Parent: As we stated in the paper, we don’t think it is appropriate for the IRB to take on this additional kind of research oversight — specifically because the purview of the IRB is human subjects research, and we do not believe that this is human subjects research. The IRB can serve as a model for the kind of oversight and structure for deliberation and review process in terms of weighing risks and benefits and the rights and duties of the involved stakeholders. With the key difference being that perhaps the most prominent stakeholder in human subjects research — the human subject — is completely absent from this conversation [due to brain death]. We propose that there should be some other kind of oversight body, more in tune to other issues like the rights of surviving family members, the benefits of the potential research, and the allocation of scarce resources, including the hospital staff or personnel who might help facilitate the research.

IRB Advisor: Can you comment on the type of bioengineered organs that are under research and may eventually be tested on brain-dead subjects?

Parent: The applicability is over a broad range. There are a lot of different versions being pursued by different companies. Some are going to be entirely 3D printed plastic-like scaffolding populated with entirely human cells. Others are going to be a little bit of human and a little bit of animal. Some are going to be primarily nonhuman animal that might be somewhat genetically engineered to be more compatible with human bodies. There is even the entirely artificial, noncellular equipment. It runs the full gamut based on which company, but I think they are all applicable in that the body of the recently deceased — declared dead by brain-death criteria — will be a useful test subject.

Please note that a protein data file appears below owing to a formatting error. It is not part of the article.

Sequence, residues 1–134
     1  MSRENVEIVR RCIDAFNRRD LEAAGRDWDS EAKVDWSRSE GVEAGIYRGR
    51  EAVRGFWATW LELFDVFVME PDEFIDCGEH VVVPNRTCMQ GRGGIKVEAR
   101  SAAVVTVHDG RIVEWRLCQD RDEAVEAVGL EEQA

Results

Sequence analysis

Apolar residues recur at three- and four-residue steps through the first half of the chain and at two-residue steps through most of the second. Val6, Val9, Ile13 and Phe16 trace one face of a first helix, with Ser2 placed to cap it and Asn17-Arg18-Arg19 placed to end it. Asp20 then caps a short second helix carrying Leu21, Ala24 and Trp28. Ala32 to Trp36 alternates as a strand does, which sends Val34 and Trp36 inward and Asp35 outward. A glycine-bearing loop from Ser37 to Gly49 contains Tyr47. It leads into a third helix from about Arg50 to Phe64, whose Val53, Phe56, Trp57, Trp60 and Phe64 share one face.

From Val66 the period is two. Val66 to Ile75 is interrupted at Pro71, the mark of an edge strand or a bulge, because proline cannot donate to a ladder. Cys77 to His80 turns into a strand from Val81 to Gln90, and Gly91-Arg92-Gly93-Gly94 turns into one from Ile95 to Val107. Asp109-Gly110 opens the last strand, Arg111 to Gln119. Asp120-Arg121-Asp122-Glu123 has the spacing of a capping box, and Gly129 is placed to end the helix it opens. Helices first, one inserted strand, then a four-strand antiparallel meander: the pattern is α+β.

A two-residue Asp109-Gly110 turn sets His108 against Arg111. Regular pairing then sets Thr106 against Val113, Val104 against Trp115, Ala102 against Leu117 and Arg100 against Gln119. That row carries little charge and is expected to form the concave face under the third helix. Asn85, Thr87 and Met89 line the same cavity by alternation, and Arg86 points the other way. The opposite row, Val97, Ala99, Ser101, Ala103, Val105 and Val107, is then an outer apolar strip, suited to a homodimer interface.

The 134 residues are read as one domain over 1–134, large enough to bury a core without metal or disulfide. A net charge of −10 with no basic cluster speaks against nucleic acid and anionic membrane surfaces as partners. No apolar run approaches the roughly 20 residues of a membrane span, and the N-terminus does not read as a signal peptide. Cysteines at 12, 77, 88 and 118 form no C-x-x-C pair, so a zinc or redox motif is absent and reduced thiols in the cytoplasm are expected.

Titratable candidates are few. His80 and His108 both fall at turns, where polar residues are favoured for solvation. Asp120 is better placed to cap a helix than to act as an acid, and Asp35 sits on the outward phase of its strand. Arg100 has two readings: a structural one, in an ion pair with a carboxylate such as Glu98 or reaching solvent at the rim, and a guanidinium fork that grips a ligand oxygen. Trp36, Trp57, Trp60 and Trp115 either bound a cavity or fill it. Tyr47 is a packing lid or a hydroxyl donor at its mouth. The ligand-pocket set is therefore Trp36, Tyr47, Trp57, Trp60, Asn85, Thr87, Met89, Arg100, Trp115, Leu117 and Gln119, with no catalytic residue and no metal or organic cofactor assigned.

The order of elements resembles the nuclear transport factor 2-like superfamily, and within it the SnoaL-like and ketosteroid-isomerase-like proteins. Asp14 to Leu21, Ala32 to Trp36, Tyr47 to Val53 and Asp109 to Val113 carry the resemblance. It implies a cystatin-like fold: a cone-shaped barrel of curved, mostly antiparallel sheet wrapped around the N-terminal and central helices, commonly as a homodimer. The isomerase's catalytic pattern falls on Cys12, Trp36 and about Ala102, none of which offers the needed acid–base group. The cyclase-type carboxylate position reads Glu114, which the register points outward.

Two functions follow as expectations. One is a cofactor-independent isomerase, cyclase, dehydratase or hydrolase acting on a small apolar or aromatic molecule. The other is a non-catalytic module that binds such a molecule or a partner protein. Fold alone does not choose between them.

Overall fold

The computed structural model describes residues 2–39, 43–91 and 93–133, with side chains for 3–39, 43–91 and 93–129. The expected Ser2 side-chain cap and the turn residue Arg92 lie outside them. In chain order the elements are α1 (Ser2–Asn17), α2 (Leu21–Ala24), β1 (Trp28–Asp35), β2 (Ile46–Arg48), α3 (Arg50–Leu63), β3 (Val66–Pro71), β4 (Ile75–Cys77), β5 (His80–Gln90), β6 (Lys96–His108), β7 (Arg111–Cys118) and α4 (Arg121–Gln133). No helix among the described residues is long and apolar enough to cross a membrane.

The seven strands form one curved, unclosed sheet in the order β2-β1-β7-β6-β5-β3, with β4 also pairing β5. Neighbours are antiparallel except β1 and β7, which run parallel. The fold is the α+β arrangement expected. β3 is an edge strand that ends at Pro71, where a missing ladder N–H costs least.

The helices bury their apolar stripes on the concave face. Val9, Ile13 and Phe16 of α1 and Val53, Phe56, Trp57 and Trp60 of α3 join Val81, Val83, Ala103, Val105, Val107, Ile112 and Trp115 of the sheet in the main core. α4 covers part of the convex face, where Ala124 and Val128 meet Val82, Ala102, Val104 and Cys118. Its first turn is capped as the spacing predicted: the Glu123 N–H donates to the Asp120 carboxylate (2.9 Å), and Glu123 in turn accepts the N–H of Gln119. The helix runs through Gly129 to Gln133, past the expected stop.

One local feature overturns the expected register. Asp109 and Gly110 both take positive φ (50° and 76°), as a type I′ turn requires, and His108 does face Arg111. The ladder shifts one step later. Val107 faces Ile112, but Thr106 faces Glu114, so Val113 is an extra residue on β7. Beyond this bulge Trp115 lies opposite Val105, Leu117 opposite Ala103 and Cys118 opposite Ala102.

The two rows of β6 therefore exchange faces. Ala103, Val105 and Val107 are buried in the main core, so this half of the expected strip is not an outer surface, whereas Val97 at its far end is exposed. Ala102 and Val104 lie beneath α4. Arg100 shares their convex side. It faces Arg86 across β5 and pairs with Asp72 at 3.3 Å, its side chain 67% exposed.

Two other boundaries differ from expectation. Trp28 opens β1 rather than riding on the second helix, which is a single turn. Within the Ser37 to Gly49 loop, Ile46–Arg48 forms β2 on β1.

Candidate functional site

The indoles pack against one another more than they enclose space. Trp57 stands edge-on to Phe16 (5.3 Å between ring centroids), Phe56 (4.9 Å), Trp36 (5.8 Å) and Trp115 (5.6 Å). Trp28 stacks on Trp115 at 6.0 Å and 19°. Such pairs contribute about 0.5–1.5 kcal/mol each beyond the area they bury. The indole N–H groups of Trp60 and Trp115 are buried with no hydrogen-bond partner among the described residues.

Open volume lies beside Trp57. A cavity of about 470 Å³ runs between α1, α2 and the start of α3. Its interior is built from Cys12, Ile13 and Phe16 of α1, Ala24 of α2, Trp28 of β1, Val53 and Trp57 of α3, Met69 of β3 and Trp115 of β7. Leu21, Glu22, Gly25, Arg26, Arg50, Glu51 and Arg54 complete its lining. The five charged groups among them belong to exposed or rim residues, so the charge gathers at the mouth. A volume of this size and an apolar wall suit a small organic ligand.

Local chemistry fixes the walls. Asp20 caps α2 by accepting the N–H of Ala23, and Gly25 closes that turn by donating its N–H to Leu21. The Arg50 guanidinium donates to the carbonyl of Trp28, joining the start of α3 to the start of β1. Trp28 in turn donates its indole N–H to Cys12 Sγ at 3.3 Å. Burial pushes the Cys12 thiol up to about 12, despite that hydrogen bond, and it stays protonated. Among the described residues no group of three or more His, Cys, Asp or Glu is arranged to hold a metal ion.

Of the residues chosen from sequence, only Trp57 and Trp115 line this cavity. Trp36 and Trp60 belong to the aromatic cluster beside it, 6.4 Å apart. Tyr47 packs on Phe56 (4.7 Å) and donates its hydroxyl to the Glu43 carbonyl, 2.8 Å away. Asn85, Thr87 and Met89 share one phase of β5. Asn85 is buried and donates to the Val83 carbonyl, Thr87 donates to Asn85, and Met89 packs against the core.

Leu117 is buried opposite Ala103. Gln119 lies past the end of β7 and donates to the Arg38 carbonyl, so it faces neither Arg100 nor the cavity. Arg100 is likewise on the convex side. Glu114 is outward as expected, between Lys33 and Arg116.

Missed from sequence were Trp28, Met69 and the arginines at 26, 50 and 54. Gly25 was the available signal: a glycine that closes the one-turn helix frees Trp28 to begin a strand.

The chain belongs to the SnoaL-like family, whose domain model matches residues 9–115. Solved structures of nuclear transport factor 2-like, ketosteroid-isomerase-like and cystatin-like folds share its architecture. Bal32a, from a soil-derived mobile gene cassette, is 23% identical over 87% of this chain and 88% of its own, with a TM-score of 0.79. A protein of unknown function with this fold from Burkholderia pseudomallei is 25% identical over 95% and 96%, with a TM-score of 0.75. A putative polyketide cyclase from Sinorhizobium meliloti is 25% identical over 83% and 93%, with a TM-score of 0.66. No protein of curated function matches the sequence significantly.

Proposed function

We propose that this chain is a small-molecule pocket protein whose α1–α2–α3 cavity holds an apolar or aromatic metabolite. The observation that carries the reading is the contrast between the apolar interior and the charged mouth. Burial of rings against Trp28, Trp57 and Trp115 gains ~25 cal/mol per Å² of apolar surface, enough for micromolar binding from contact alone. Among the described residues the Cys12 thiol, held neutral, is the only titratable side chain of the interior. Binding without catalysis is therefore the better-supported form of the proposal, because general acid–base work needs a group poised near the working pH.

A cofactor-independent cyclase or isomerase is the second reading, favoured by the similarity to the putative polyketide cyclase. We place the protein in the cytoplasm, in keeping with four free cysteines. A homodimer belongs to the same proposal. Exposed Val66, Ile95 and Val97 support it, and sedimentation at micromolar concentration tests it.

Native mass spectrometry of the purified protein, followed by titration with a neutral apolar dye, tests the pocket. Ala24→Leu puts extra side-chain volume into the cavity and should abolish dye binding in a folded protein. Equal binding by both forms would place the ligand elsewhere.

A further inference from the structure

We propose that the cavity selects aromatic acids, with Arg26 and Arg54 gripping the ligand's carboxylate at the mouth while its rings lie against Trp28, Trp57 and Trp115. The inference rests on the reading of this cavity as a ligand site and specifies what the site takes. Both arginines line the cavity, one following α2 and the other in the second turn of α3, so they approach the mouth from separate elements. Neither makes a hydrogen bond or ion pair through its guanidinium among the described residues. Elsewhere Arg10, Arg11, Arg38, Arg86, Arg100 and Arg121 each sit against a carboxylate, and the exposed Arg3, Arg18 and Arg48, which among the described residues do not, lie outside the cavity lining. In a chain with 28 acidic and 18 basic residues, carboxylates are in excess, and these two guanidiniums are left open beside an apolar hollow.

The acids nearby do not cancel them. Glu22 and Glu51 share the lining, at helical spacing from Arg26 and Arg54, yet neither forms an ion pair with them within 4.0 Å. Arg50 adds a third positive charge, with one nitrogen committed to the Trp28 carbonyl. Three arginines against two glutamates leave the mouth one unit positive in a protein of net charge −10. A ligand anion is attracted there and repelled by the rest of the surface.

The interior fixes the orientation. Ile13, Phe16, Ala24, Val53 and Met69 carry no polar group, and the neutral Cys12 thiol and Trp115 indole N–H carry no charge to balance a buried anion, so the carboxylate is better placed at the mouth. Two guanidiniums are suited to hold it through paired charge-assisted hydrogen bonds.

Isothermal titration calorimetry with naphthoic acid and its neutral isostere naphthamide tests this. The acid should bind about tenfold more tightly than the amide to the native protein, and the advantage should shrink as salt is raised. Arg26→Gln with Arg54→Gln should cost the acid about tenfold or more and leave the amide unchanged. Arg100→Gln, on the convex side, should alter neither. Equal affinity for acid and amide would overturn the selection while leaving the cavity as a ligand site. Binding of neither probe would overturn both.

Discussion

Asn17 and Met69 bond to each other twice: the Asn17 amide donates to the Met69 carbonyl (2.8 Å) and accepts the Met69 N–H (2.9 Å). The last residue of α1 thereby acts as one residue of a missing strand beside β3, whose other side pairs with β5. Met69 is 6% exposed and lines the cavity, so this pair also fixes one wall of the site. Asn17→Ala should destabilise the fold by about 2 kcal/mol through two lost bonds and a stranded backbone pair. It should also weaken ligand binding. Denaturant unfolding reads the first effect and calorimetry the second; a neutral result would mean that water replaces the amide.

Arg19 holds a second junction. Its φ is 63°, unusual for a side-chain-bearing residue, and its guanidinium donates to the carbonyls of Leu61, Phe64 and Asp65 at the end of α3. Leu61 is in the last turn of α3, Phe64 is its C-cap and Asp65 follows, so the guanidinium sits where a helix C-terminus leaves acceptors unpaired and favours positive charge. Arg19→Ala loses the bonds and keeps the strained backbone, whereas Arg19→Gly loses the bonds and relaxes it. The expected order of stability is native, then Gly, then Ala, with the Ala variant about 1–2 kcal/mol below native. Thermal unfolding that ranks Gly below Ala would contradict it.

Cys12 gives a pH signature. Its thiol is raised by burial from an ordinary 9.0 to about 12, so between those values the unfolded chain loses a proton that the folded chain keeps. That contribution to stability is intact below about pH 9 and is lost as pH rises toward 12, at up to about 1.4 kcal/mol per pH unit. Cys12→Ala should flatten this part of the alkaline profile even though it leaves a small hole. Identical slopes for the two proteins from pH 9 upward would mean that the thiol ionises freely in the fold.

IRB Advisor: What about the ethical issues of informed consent? Does that defer to any surviving family?

Parent: Ideally, the consent already would be obtained from the deceased prior to their death when they signed up to be organ donors. The question is whether we can use consent to organ donation as sort of a proxy. When you register to be an organ donor in most states, you are simultaneously registering for the use of your body parts for purposes of transplant, education, and research. There is some nuance to that, in that different states have different levels of specificity. In a lot of places, it is sort of an all-or-nothing checkbox. In those circumstances, you technically are authorizing for something like this [research] in the event that your organs are not viable for transplant — this might become a sort of backup use that you are authorizing.